Project Team Flowers

Overall Objectives
Scientific Foundations
Application Domains
New Results
Contracts and Grants with Industry
Partnerships and Cooperations
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Section: Overall Objectives


Can a robot learn like a child? Can it learn new skills and new knowledge in an unknown and changing environment? How can it discover its body and its relationships with the physical and social environment? How can its cognitive capacities continuously develop without the intervention of an engineer? What can it learn through natural social interactions with humans?

These are the questions that are being investigated in the FLOWERS research team at INRIA Bordeaux Sud-Ouest. Rather than trying to imitate the intelligence of adult humans like in the field of Artificial Intelligence, we believe that trying to reconstruct the processes of development of the child's mind will allow for more adaptive, more robust and more versatile machines. This approach is called developmental robotics, or epigenetic robotics, and imports concepts and theories from developmental psychology. As most of these theories are not formalized, this implies a crucial computational modeling activity, which in return provides means to assess the internal coherence of theories and sketch new hypothesis about the development of the human child's sensorimotor and cognitive abilities.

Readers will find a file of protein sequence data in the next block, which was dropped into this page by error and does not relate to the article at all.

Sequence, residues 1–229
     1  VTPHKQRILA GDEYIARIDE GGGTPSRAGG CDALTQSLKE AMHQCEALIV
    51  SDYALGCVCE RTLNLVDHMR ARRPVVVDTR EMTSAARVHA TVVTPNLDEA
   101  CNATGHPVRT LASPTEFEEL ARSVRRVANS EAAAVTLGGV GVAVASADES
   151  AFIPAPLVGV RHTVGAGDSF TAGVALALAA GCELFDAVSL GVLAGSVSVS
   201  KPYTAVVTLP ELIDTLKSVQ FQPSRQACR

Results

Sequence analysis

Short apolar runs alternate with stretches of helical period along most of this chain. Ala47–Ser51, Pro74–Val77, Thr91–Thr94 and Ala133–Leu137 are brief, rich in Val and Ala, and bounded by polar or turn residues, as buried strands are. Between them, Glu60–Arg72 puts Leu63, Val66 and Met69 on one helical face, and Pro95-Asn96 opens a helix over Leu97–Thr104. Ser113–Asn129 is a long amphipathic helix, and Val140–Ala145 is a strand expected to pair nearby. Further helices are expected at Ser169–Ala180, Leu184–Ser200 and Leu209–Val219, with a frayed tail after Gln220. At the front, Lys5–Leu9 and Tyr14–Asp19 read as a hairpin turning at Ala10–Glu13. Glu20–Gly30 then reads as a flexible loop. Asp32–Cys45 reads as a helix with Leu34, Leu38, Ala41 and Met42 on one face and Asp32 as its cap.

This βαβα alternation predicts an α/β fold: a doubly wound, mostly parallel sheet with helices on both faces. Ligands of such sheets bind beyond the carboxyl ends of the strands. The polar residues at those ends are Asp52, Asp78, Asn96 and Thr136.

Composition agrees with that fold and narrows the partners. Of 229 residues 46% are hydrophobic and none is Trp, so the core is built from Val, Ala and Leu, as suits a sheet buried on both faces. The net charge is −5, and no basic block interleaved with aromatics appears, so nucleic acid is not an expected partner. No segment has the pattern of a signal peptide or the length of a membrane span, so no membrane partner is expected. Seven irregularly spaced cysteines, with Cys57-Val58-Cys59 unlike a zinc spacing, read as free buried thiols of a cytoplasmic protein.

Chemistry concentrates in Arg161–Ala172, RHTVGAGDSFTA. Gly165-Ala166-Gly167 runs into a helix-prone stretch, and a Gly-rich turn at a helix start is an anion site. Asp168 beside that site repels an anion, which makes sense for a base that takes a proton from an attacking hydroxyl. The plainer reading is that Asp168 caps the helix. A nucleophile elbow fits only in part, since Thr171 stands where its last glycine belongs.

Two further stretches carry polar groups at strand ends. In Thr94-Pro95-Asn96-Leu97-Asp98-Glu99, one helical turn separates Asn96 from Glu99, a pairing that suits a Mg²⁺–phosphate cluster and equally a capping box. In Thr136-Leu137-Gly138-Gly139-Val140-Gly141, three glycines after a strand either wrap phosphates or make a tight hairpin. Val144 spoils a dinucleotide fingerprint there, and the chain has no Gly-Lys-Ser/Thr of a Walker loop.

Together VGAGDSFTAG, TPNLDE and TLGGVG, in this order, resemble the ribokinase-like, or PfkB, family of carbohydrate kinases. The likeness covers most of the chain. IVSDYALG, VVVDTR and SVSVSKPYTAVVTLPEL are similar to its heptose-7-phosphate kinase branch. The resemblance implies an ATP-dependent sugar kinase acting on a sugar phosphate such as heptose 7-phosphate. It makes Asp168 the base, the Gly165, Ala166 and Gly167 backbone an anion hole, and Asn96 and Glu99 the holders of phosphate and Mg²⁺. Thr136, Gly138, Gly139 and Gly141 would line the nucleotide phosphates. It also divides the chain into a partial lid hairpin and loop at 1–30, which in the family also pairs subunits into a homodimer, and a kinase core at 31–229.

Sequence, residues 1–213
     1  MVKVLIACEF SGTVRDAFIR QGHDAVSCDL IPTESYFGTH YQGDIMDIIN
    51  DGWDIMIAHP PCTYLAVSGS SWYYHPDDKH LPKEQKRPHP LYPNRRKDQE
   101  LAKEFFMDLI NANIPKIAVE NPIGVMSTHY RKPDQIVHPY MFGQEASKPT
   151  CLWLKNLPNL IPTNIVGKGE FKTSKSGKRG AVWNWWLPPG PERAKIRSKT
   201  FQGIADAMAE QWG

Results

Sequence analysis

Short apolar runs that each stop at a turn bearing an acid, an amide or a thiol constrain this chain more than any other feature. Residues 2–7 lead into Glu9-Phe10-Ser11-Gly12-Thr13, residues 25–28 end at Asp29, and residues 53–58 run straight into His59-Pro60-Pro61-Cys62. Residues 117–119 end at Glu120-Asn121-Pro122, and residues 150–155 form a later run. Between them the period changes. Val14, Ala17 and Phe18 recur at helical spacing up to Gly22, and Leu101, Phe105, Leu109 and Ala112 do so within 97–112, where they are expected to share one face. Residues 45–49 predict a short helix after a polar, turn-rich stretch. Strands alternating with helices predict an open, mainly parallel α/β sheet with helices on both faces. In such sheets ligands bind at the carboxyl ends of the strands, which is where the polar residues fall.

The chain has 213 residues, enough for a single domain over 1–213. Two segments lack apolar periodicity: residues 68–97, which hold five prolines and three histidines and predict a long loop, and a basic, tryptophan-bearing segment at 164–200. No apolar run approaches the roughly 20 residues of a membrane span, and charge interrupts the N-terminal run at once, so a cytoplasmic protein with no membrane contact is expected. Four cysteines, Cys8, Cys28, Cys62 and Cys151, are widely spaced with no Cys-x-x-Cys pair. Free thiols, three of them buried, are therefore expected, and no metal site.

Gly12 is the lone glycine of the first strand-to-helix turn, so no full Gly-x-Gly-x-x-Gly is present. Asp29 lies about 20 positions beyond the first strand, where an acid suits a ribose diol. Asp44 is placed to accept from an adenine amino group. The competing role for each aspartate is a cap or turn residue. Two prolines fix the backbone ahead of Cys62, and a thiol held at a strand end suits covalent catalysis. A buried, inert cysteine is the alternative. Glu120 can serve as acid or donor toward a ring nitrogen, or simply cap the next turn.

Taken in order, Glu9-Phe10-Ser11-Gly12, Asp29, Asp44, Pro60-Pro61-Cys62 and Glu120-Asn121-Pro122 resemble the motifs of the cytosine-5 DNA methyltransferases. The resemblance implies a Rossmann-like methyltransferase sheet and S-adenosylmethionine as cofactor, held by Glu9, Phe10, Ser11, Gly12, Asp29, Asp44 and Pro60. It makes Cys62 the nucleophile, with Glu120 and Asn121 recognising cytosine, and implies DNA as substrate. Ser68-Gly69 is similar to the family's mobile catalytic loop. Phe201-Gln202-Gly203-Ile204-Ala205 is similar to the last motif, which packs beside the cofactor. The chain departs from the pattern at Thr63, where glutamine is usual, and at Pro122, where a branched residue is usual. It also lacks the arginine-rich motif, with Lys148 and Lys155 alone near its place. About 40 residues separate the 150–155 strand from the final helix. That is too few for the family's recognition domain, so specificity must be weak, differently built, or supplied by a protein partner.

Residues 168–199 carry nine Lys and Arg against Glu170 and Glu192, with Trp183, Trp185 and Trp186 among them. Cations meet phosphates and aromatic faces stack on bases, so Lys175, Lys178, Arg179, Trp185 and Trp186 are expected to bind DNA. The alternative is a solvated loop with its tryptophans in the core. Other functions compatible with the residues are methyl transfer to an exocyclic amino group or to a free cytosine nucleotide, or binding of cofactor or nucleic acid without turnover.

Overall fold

Our team focuses in particular on the study of developmental constraints that allow for efficient open-ended learning of novel skills. In particular, we study constraints that guide exploration in large sensorimotor spaces:

We also study how these constraints on exploration can allow a robot to bootstrap multimodal perceptual abstractions associated to motor skills, in particular in the context of modelling language acquisition as a developmental process grounded in action.

Among the developmental principles that characterize human infants and can be used in developmental robots, FLOWERS focuses on the following three principles:

Research axis

The work of FLOWERS is organized around the following three axis: